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Ethereal Cloud Backdrop – DIY

One of my favorite things about planning my wedding last year was actually planning and hosting my own bridal shower. It was something I had thought about for a long time and I knew exactly the type of décor and vibe that I wanted. For my actual wedding day I had planners and vendors who took care of every last detail, so the shower was my chance to exercise my need to be creative.

Though officially billed as a “garden tea party”, my shower had very little tea and was actually held inside. My goal was to create the feeling of being in a beautiful garden atmosphere, but with the benefit of central A/C. I plan to dedicate an entire post soon to all of the decorations and details from my shower, but today I want to share these amazing DIY clouds, one of my favorite décor items from the event! This DIY was the perfect way to bring the outdoors in, and I loved the ethereal quality they brought to the décor!

I cannot take credit for the idea of the clouds – I actually originally saw them on Pinterest and knew they would be perfect for my shower. Click here to see the original post and step-by-step tutorial I used from A Practical Wedding. The steps I outline below are extremely similar to the original instructions, with the only major deviation being the hanging methodology.

clouds diy

clouds diy

clouds diy

clouds diy

clouds diy


Poly-Fil stuffing – I bought a 10lb box and barely put a dent in it. This stuff seriously expands – a little goes a long way. I made a total of 10 large clouds and probably only used 2-3 pounds of stuffing.

Paper lanterns – link is for the exact ones I used. 

Hot glue gun – this project uses a TON of hot glue. Do yourself a favor and get a large gun that uses extra long sticks

Clear fishing line


Command hooks and strips – link is for the exact hooks I used.

Ladder (for hanging)


Set up your lanterns and determine how you want to structure your clouds. For round clouds you will just use 1 medium or large lantern. For oblong clouds you should hot glue a smaller lantern to 1 or 2 sides of a larger lantern in order to create an irregular shape. Using a combination of both types ensures the clouds do not look too structured or all the same.


Glue the stuffing to the lanterns one handful at a time. You will come up with your own system that works for you for this step. There is no wrong way to do this. I personally found it easiest to put the hot glue on my handful of stuffing first, and then put that onto the lantern. I found that this method increased the surface area I covered with each handful AND as each lantern got more populated with fluff, putting the glue on the stuffing rather than just the small patch of lantern I was trying to cover helped hold everything together better. But again, whatever works best for you. The key is to not try to be too perfect here, every cloud is going to be different. You should also not cover the metal hook on your lantern – you will need this for hanging later! I will also just go ahead and say that I burned myself A. LOT. during this step, so keep the burn ointment close by!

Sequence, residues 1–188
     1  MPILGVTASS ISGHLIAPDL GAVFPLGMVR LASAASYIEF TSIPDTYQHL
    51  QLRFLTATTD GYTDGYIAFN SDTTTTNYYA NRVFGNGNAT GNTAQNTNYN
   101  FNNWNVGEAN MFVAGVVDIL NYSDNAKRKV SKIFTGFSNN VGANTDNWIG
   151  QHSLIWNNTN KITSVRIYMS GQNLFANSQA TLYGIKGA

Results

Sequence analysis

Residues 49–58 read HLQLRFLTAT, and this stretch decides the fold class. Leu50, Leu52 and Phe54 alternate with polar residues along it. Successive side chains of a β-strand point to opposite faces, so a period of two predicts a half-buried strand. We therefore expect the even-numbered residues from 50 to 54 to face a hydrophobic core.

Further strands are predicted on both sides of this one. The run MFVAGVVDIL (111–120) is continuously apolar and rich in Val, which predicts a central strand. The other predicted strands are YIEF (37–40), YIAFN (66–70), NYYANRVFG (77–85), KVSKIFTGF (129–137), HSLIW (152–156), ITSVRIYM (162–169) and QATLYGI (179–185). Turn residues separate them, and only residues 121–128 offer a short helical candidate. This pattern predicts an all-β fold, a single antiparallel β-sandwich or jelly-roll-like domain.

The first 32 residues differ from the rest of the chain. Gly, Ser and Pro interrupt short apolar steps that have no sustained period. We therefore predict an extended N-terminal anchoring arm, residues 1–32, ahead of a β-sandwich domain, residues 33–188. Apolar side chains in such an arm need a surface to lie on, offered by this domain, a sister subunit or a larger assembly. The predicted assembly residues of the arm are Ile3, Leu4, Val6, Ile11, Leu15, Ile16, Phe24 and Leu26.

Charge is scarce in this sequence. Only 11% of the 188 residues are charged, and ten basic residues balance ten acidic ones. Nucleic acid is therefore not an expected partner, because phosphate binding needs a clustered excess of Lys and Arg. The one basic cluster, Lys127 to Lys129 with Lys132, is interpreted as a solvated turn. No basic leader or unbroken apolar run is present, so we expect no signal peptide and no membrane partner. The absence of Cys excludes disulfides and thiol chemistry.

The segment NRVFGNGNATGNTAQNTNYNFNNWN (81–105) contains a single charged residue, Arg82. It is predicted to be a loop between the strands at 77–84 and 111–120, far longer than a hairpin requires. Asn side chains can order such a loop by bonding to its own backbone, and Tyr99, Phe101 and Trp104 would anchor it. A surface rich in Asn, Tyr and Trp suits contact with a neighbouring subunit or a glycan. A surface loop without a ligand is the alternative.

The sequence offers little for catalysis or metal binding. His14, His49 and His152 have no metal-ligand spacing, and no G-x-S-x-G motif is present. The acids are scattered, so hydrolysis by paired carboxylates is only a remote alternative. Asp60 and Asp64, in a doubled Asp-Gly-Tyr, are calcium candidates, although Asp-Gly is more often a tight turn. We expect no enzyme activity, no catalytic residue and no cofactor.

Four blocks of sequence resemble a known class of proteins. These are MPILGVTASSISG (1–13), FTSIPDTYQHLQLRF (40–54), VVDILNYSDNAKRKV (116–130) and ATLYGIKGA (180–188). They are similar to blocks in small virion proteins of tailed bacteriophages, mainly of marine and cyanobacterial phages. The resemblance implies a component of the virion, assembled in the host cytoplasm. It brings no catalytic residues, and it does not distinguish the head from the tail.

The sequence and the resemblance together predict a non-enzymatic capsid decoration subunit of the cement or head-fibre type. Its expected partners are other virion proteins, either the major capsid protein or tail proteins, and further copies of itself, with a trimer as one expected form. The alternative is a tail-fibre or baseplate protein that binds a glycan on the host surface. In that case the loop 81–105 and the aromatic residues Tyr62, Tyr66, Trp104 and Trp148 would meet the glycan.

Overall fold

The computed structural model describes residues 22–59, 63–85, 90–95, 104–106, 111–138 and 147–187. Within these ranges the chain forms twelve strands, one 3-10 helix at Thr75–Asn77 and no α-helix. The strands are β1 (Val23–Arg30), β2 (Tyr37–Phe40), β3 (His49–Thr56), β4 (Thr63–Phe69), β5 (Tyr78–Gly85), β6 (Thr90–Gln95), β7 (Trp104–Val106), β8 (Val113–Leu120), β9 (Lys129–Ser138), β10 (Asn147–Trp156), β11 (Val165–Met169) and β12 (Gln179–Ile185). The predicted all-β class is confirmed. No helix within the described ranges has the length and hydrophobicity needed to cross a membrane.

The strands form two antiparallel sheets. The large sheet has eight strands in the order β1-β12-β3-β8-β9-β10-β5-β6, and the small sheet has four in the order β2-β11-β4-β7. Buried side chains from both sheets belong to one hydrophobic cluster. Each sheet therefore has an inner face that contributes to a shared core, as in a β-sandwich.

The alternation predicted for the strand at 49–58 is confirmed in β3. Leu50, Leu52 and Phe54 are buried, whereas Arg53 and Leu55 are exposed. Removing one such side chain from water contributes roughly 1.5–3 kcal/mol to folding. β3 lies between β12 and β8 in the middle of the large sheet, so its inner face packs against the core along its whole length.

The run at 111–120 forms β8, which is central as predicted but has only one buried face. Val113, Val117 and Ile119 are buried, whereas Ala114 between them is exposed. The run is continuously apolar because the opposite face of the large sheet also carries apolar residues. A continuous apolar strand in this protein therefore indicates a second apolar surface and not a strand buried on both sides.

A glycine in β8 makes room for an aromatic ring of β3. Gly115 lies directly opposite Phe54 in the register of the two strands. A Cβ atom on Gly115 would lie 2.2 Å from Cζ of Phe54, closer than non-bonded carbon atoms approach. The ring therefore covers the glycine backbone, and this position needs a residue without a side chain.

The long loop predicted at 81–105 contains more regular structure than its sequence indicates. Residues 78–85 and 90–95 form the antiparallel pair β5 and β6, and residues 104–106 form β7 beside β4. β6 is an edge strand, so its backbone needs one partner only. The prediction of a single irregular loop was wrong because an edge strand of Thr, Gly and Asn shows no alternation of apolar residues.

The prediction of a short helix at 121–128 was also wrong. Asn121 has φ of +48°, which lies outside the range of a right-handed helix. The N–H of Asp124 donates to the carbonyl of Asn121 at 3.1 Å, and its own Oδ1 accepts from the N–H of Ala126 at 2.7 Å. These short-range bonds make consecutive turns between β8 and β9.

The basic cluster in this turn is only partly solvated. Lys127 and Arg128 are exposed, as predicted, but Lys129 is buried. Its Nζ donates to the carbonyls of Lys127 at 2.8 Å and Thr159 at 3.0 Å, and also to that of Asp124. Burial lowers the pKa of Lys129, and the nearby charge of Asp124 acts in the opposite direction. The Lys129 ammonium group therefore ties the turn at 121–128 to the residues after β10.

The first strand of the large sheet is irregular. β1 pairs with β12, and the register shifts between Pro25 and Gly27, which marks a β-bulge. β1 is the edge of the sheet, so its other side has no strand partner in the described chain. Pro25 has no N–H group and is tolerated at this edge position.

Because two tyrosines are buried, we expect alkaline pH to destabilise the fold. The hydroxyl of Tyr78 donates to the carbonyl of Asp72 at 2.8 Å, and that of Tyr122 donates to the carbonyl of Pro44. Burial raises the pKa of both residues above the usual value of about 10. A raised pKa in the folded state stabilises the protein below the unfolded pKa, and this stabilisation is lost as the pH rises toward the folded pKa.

As far as timing goes, do not try to complete this step all at one time. It is more time consuming than you think! I made 10 large clouds and worked on them during the evenings for almost two weeks. The project can get tedious after a while, so I highly suggest having a glass of wine nearby and some Real Housewives on demand!


In my home I do not have any beams or pipes or other way to naturally hang the clouds from my ceiling. Instead, I turned to command strips to help with this step. I used the command hooks you see pictured below and positioned those on my ceiling using the strongest command strips I could find. I hung the clouds over my buffet table at my shower so I could not risk them falling – I think I used 5lb capacity command strips which was definitely overkill.

Once I had the hooks positioned how I wanted, I created loops of fishing wire at varying lengths so that the clouds would not all be in one straight line. I then placed one end of each loop on the command hooks on the ceiling, and hung each cloud from the other end of the loops using the metal hook on the lanterns. See below for photos!

clouds diy

clouds diy

clouds diy

clouds diy

clouds diy

Once you’ve hung all your clouds, you may need to make some adjustments. Some hooks may need to be moved over or the lengths of some of your loops may need to be lengthened or shortened. That is totally normal – but I do suggest completing this step the day before your event if possible in order to leave yourself time for adjustments. For my shower, I not only adjusted hook positions and hanging lengths, I also decided I needed more clouds last minute and had to whip up a couple the night before. After you have your positioning how you want it, just unhook the clouds and leave the fishing wire on the ceiling hooks until you are ready to hang them for your event. This prevents unnecessary strain on your command hooks and also keeps the clouds out of your way until they are needed.

And there you have it! It really is such a simple and easy craft! The finished product is sure to illicit lots of oooohs and aaahhhhs from your guests. They look so much more complicated and labor intensive than they actually are. As I said before, I used these over my buffet table but they could also be used as a really cool photobooth backdrop.

If you give this tutorial a try, please send photos – I would love to see them! I also created a tutorial for floral ice cubes (which I also used at my bridal shower) in this post!


By Paces West

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